The Washington PostDemocracy Dies in Darkness

Opinion The country needs more Liz Cheneys

Rep. Liz Cheney on Capitol Hill in June. (Jabin Botsford/The Washington Post)

“If the cost of standing up for the Constitution is losing the House seat,” Rep. Liz Cheney (R-Wyo.) recently told the New York Times, “then that’s a price I’m willing to pay.” On Tuesday, her state’s voters came to collect.

Ms. Cheney’s defeat in Wyoming’s GOP congressional primary was predictable — and yet no less dispiriting. Polls had her trailing the eventual victor, Harriet Hageman, by a substantial margin. But no numerical analysis was necessary to see how far out of step Ms. Cheney had become with a Republican Party over which former president Donald Trump still holds so much power, even after his role in one of the nation’s darkest days: Jan. 6, 2021.

Where many Republicans (including her opponent) say the 2020 presidential election was rigged, Ms. Cheney refuses to participate in election denialism. Where nearly all of her House colleagues refused to join Democrats in their efforts to investigate the Jan. 6 insurrection, Ms. Cheney has played a central role on the select committee seeking to hold to account those responsible. Her participation lent bipartisan legitimacy to the undertaking; her knowledge of her own party’s politics proved invaluable to understanding how that day’s horrible events came about.

And now, while candidates willing to spread the “big lie” are winning GOP primary races across the country, such as gubernatorial candidates Doug Mastriano in Pennsylvania and Kari Lake in Arizona, Ms. Cheney has lost.

Gary Abernathy: Liz Cheney and other jilted lovers need to move on from the GOP

This outcome says as much about the GOP as it does about Ms. Cheney’s mettle. She did not lose because she surrendered her status as a card-carrying conservative. She’s an antiabortion foreign policy hawk with a career score of 74 percent from Heritage Action, a conservative advocacy group, and a 79 percent score this session. She voted with Mr. Trump 93 percent of the time during his tenure. She lost because she refused to bow to Mr. Trump — or, at least, to remain silent about his campaign to undermine U.S. democracy, as do many Republicans who understand that Mr. Trump is a grave threat. The difference between her and the House Republican leadership from which she was ousted is that she recognizes that ideology and party loyalty should not matter when facing a fundamental threat to democracy.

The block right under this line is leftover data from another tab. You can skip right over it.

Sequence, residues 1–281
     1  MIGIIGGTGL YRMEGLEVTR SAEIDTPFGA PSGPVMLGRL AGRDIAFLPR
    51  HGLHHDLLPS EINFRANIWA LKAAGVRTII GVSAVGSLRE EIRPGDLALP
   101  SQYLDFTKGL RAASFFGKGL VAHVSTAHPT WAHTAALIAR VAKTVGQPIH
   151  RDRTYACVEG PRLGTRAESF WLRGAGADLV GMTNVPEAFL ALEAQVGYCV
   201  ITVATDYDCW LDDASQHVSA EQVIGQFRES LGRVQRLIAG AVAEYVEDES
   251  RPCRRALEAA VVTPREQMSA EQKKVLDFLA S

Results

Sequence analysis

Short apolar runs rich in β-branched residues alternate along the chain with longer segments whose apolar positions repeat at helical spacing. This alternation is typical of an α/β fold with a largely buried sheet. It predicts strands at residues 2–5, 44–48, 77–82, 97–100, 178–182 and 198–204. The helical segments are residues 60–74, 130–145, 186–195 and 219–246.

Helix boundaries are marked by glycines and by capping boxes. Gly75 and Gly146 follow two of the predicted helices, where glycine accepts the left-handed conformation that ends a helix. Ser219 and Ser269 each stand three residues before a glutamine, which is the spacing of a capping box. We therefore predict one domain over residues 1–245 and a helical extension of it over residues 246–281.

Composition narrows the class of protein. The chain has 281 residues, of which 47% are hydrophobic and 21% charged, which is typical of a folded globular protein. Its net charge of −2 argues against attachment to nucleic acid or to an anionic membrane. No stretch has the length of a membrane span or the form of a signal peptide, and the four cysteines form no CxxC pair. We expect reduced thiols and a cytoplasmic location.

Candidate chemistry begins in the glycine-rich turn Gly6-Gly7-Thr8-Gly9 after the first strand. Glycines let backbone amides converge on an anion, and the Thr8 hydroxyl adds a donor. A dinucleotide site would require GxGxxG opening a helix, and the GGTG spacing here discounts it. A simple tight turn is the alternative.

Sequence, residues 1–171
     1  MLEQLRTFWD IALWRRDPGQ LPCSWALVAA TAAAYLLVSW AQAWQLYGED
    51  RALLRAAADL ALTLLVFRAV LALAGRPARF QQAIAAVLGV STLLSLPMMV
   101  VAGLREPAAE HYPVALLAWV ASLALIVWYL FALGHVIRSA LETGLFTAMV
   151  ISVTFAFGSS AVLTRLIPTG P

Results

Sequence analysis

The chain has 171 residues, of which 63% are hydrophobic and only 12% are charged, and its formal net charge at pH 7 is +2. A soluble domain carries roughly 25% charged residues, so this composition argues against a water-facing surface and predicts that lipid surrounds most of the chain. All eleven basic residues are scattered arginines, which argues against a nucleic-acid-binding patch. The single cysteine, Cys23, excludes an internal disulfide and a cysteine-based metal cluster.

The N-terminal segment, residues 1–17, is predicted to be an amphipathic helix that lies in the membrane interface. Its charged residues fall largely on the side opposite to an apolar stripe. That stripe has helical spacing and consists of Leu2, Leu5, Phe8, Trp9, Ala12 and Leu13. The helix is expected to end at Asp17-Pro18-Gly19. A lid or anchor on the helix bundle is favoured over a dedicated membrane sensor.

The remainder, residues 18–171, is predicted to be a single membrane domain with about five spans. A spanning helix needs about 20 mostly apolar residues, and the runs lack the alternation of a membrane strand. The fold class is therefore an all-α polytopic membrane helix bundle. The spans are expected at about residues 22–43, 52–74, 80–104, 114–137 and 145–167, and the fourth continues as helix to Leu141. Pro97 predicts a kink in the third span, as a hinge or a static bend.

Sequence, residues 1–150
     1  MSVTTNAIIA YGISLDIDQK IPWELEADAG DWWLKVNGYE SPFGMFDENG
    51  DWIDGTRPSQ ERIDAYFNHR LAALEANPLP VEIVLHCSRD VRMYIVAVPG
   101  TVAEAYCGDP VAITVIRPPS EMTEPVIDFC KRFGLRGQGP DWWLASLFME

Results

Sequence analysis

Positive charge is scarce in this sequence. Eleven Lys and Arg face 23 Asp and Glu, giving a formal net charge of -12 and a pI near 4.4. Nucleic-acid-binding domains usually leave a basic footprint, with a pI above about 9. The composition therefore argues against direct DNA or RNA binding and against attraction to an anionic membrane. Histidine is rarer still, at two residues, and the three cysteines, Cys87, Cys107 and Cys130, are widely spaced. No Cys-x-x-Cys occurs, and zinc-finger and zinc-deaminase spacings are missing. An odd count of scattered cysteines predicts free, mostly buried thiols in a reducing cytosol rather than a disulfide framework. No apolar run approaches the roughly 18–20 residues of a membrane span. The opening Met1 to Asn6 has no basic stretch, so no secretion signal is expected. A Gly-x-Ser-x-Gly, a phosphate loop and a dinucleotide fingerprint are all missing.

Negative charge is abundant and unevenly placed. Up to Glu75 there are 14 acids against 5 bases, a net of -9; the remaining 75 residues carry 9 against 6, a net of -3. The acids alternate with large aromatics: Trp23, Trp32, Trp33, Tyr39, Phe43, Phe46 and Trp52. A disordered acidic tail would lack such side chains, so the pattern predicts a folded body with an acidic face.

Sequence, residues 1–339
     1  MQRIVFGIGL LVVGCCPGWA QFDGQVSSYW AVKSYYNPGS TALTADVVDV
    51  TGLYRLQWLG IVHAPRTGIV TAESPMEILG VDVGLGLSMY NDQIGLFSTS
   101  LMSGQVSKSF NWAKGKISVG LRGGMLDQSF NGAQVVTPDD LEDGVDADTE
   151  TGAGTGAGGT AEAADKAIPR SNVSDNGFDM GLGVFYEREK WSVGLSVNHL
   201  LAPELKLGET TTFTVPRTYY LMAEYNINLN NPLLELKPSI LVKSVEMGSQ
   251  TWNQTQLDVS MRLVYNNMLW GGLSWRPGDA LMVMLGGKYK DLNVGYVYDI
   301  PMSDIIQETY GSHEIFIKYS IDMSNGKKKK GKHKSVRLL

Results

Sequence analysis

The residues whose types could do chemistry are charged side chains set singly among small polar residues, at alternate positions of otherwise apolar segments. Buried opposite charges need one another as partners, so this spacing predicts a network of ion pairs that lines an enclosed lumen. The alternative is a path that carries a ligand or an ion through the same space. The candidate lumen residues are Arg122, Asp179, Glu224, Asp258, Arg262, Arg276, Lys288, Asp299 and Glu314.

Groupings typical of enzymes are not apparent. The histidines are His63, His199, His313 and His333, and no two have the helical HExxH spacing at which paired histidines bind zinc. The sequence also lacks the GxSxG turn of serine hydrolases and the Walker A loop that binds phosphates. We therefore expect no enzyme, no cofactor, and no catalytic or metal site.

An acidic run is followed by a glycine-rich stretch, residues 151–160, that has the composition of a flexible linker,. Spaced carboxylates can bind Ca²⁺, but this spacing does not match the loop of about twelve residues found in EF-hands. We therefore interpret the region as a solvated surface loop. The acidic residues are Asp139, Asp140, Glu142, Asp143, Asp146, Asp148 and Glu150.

Now, as politicians seed doubt in the outcome of votes before they even happen and spew reckless rhetoric that endangers elected officials and everyday government employees, the nation needs a broad coalition united in defense of bedrock values such as free-and-fair elections and the peaceful transition of power. The country needs, regardless of their positions on tax hikes or deregulation or free trade, more Liz Cheneys in government. Now, it will have one less.

The Post’s View | About the Editorial Board

Editorials represent the views of The Washington Post as an institution, as determined through debate among members of the Editorial Board, based in the Opinions section and separate from the newsroom.

Members of the Editorial Board and areas of focus: Deputy Editorial Page Editor Karen Tumulty; Deputy Editorial Page Editor Ruth Marcus; Associate Editorial Page Editor Jo-Ann Armao (education, D.C. affairs); Jonathan Capehart (national politics); Lee Hockstader (immigration; issues affecting Virginia and Maryland); David E. Hoffman (global public health); Charles Lane (foreign affairs, national security, international economics); Heather Long (economics); Molly Roberts (technology and society); and Stephen Stromberg (elections, the White House, Congress, legal affairs, energy, the environment, health care).